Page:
Why you should start intermittent fasting at night

In recent years, diet trends such as intermittent fasting have popularized the practice of delayed or restricted eating for many people looking to manage caloric intake. Still, many open to restructuring their schedules have the same question: When is the right time to avoid eating?

The answer is at night, according to a new study out from Vanderbilt University.

For the study, Johnson and postgraduate student Kevin Kelly tested meal time restriction by monitoring the metabolism of middle-aged and older adults in a whole-room respiratory chamber, under controlled conditions, over two separate 56-hour sessions—both with the same overnight fasting period.

They found that, while the two sessions did not differ in the amount of food eaten or the amount of physical activity of the participants, the daily timing of nutrient availability coupled with the body’s increased metabolism during sleep (thanks to the body’s circadian rhythms) flipped a switch on fat burning: In each instance, late-evening snacking delayed the body’s ability to target fat stores for energy and instead caused the body to target the readily accessible carbohydrates newly introduced into the body.

The study has important implications for eating habits, providing evidence contrary to a recent trend of skipping breakfast and suggesting instead a daily fast from supper to breakfast to help optimize weight management.

Solution News Source

Why you should start intermittent fasting at night

In recent years, diet trends such as intermittent fasting have popularized the practice of delayed or restricted eating for many people looking to manage caloric intake. Still, many open to restructuring their schedules have the same question: When is the right time to avoid eating?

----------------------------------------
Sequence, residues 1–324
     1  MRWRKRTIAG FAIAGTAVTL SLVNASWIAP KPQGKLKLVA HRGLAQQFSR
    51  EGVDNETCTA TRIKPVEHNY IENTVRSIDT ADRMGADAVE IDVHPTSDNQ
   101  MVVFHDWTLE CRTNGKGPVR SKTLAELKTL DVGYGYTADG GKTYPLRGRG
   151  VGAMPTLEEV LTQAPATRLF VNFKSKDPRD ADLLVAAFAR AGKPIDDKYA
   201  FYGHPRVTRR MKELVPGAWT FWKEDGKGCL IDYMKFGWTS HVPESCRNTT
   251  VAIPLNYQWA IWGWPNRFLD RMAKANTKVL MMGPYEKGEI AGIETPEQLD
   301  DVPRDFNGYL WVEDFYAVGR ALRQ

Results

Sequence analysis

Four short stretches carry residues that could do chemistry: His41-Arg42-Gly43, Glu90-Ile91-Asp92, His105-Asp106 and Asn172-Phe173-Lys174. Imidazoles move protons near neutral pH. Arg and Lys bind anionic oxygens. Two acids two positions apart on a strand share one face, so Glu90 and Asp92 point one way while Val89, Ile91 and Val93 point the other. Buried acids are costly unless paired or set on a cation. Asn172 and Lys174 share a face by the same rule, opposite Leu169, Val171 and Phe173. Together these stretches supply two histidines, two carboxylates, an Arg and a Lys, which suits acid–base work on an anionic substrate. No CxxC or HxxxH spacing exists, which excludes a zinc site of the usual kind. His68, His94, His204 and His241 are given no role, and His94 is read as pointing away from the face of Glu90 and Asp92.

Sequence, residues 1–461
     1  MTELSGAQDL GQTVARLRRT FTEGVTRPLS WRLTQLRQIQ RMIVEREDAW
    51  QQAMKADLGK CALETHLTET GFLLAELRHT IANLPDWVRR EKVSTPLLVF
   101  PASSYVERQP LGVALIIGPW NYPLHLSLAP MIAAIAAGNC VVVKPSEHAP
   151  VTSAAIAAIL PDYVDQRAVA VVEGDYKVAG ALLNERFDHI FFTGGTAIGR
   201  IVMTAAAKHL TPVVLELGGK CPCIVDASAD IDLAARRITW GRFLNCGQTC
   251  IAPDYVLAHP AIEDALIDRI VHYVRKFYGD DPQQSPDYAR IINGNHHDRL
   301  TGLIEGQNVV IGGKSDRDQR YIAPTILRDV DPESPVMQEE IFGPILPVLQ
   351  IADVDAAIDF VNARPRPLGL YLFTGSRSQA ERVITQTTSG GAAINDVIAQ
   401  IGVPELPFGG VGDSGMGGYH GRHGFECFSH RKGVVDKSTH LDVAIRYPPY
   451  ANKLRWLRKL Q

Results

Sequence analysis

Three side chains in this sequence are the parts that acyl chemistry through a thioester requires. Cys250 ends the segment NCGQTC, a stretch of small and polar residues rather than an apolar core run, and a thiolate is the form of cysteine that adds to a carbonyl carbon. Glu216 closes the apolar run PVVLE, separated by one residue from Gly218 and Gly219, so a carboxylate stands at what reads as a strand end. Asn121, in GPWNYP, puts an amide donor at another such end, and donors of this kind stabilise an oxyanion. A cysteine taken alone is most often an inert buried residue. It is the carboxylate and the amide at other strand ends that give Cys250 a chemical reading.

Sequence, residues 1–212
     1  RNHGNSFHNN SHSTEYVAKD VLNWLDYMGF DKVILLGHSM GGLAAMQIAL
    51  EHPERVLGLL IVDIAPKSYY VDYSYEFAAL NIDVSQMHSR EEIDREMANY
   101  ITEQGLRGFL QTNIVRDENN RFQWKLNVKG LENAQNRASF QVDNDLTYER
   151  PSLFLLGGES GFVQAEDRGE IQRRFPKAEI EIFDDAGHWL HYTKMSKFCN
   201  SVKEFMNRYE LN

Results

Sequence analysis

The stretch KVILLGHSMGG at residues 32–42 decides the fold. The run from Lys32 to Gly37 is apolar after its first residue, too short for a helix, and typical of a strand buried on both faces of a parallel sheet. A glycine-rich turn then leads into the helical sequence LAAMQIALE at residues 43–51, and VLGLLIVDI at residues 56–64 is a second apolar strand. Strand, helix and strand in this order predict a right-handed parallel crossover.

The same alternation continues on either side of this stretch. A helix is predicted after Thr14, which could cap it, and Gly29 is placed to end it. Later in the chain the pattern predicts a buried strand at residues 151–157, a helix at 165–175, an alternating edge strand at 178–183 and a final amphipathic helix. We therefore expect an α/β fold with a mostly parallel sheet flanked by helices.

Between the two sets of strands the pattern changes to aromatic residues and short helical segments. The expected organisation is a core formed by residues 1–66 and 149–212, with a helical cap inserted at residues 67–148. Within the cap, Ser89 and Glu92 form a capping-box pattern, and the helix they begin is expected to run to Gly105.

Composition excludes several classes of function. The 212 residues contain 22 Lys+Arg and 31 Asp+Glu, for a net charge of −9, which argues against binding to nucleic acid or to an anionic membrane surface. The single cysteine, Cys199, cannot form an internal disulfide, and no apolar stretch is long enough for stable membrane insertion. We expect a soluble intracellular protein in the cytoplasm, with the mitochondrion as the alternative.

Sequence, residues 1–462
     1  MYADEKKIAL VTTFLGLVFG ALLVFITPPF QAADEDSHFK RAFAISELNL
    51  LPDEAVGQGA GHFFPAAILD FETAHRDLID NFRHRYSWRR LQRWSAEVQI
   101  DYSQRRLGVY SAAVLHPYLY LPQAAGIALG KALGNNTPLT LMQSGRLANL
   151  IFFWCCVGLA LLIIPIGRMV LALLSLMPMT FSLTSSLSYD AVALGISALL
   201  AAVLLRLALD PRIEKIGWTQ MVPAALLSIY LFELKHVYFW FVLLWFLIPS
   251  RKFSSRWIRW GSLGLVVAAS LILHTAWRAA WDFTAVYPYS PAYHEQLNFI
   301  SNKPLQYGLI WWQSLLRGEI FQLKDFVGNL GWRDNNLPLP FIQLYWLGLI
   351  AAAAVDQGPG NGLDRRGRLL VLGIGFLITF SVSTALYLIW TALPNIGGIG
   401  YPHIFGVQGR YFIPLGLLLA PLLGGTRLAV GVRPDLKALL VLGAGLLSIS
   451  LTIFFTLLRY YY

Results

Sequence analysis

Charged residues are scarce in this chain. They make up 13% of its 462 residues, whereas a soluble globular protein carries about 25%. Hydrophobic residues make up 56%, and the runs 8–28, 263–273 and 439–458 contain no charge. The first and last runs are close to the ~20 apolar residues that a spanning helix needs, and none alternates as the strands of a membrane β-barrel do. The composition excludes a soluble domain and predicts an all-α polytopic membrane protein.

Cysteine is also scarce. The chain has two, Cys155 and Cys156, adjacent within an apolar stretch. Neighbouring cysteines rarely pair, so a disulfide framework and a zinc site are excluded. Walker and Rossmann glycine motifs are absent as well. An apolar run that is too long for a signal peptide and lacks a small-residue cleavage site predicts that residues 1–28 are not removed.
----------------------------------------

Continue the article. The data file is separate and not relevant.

The answer is at night, according to a new study out from Vanderbilt University.

For the study, Johnson and postgraduate student Kevin Kelly tested meal time restriction by monitoring the metabolism of middle-aged and older adults in a whole-room respiratory chamber, under controlled conditions, over two separate 56-hour sessions—both with the same overnight fasting period.

They found that, while the two sessions did not differ in the amount of food eaten or the amount of physical activity of the participants, the daily timing of nutrient availability coupled with the body’s increased metabolism during sleep (thanks to the body’s circadian rhythms) flipped a switch on fat burning: In each instance, late-evening snacking delayed the body’s ability to target fat stores for energy and instead caused the body to target the readily accessible carbohydrates newly introduced into the body.

The study has important implications for eating habits, providing evidence contrary to a recent trend of skipping breakfast and suggesting instead a daily fast from supper to breakfast to help optimize weight management.

Solution News Source

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